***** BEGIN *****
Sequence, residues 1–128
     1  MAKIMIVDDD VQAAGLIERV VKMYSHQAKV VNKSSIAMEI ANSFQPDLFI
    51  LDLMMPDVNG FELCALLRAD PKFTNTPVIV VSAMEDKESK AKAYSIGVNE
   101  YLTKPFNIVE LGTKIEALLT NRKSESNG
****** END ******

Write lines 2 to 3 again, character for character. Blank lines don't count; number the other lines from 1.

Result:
     1  MAKIMIVDDD VQAAGLIERV VKMYSHQAKV VNKSSIAMEI ANSFQPDLFI
    51  LDLMMPDVNG FELCALLRAD PKFTNTPVIV VSAMEDKESK AKAYSIGVNE